15 Apr 2014

Delaney Davidson "Swim Down Low"


Reviewed by Nathan Ford

Presumably introductions are necessary for the majority of readers, and this evocative description from the Outside/Inside Records website captures Delaney's essence nicely:

"Part man part wheel, Delaney Davidson is part wandering minstrel, part travelling salesman. One hand holds a small brown suitcase; his trade, his ghost orchestra, the other holds his guitar. During a ten year Solo Tour Davidson has turned homelessness into a success of its own..."

In our home country New Zealand, Davidson is a fairly well known character through his solo albums and tours as well as his successful string of old-timey country outings with fellow rambling troubadour Marlon Williams, but it's Europe that has embraced his vagabond lifestyle and it's here that his fifth solo album "Swim Down Low" was recorded for Italian label Outside/Inside.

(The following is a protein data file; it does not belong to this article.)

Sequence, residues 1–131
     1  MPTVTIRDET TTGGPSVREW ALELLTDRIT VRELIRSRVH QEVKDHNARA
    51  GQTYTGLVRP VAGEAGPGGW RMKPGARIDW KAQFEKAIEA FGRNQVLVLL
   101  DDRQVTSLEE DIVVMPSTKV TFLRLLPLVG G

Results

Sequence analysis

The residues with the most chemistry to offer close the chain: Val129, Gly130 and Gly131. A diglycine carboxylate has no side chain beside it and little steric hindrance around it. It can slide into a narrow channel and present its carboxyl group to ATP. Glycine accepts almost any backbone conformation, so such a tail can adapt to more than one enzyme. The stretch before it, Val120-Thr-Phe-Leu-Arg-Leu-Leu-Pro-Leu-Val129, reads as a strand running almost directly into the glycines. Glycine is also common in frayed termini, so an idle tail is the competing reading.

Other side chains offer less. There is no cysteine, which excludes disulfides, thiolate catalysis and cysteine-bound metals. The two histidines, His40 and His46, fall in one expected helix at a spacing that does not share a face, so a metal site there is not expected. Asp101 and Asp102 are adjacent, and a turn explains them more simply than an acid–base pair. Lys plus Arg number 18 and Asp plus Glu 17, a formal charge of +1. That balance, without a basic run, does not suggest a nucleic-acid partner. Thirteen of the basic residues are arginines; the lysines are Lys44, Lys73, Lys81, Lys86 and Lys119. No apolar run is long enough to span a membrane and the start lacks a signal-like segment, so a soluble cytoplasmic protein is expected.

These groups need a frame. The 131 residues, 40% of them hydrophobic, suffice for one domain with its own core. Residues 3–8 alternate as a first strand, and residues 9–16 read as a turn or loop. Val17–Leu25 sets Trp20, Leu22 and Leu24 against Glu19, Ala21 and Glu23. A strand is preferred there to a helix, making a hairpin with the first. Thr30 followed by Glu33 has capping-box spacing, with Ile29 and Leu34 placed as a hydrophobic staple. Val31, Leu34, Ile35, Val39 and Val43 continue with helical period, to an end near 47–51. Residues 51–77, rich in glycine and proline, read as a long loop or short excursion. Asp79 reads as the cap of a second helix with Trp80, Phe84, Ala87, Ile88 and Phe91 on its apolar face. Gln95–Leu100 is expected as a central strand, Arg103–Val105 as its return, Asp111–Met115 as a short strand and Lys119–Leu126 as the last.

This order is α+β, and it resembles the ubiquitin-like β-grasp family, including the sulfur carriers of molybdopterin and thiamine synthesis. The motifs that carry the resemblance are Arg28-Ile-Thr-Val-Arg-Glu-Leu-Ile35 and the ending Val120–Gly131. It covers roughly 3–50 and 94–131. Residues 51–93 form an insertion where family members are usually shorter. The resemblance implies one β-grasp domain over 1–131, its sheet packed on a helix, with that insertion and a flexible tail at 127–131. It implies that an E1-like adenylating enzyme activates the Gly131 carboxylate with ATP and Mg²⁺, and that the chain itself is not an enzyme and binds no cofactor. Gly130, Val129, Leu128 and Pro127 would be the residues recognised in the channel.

Put to tape over a week with Matt Bordin and Davide Zolli from Mojomatics, "Swim Down Low" displays plenty of Davidson's self deprecating humour and augments his gothic folk-noir with more of a cinematic widescreen vista than we've heard before on his records, with some notable trumpet work that finds a cosy middle ground between Calexico and vintage Italian cinema.

But as always Davidson is unable to be dominated by his collaborators, with his sardonic delivery and expressive Cash/Cave/Waits vocal delivery taking centre stage with an effective cover of Nick Lowe's seminal "The Beast In Me" nestling nicely among a selection of Davidson's own gems, which all have a swampy, off the cuff charm that revels in spontaneity without displaying a lack of polish.

Fans of the aforementioned artists as well as the likes of Sixteen Horsepower should become acquainted with Mr Davidson at the first possible opportunity, and if you don't have the chance to catch him live (where he really shines), then "Swim Down Low" is an eminently suitable alternative.

"Swim Down Low" is available here on CD, or digitally here.

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